UK – KENYA – PML, which specialises in global perishable cargo is chartering its own air freight flights to maintain the supply of fresh produce during the pandemic and post Brexit. The company is working with Kenya Airways and has chartered a Boeing 787 Dreamliner aircraft which will fly from Nairobi to Heathrow twice a week, carrying essential perishable goods on behalf of PML’s clients looking to export out of Kenya.

The two weekly flights started 18 November and up until end December will be able to carry 36 tonnes of cargo per flight. From January the capacity will increase to 42 tonnes. With the flights departing at 04.00 local time on Wednesdays and Sundays, PML will be able to deliver fresh produce into the UK on the same day as they were flown out of Nairobi. The move to charter a bespoke PML air freight flight comes hot on the heels of the company setting up a dedicated in-house charter air freight service to cater for the increasing demand for the transfer of perishable goods by air.

EUROPE – Energy and commodity trading group Vitol, based in the Netherlands, has joined forces with Norwegian rubber recycling operation Wastefront, to utilise some of the estimated 29 million tonnes of tyres scrapped each year which have the potential to produce bunker fuel oil and other products.

Wastefront’s new facility based in Sunderland in the UK is set to be ready in 2023 and the 10 year agreement will see up to 30,000 tonnes of product taken by Vitol from the 60,000 tonne estimated processing capacity of the plant. The gas purification system used is designed to remove pollutants, organic compounds and harmful solid particles without releasing unwanted by-products into the environment.

US – A recent study by the Insurance Institute for Highway Safety (IHS) confirms the fact that installing the latest anti-crash technology on HGVs dramatically cuts the number of ‘rear enders’. The use of forward collision warning (FCW) using forward facing cameras, radar and the like, sometimes linked to automatic emergency braking systems (AEB) showed that, in the survey of circa 2,000 such crashes, forward warning systems cut accidents by 44% whilst AEB managed 41%.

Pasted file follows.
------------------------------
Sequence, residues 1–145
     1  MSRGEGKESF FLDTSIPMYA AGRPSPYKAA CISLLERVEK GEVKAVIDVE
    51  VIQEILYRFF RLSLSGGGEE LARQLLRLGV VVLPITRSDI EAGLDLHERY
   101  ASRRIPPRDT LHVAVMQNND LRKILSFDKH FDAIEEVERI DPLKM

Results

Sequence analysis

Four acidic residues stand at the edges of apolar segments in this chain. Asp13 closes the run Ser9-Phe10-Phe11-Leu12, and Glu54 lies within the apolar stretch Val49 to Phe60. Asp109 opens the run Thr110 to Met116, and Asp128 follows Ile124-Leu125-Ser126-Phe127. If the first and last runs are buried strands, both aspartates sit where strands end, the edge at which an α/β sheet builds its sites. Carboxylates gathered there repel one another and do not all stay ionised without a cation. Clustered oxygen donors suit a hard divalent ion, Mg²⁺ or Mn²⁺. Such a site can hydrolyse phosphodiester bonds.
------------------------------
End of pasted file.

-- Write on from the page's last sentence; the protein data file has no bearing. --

Overall these systems additionally reduced such accidents by 22% and 12% respectively. Warnings were issued in 31% of rear-end crashes for FCW-equipped trucks. AEB intervened in 43% of rear-end crashes; about two thirds of these interventions involved autobrake activations. On average, speed was reduced by over half between the time of the intervention and impact for both systems.

FRANCE – WORLDWIDE – It seems CMA CGM has decided its future will rely heavily on liquefied natural gas power as the container line has committed to running a fleet of twenty six such vessels of various capacities by 2022. The company has established a new LNG hub for the shipping industry in Rotterdam and is looking to the port to become the world leader in such technology.

CMA CGM also has aspirations for the Port of Marseille Fos to become a gas bunkering hub for the group’s vessels. The 23,000 TEU CMA CGM Jaques Saade, which has an 18,600 cubic metre tank, is currently on her maiden voyage after joining the fleet in September.

FINLAND – SWITZERLAND – FRANCE – Technology group Wärtsilä has been selected to supply the engines and related emissions control after-treatment systems for two new passenger ferries being built for operation between Switzerland and France across Lake Geneva. The ferries are being built at the Shiptec AG yard in Switzerland for General Navigation Company (CGN), a Swiss ferry operator based in Lausanne.

The 60 metre long, 700 passenger capacity vessels will feature advanced hybrid energy and propulsion systems. The Wärtsilä equipment is scheduled for delivery beginning in summer 2021, and the first vessel is expected to commence commercial operations in December 2022. The second ferry will be delivered approximately one year later.

Photo: Artist’s impression of Artemis Technologies hydrofoil ferry design.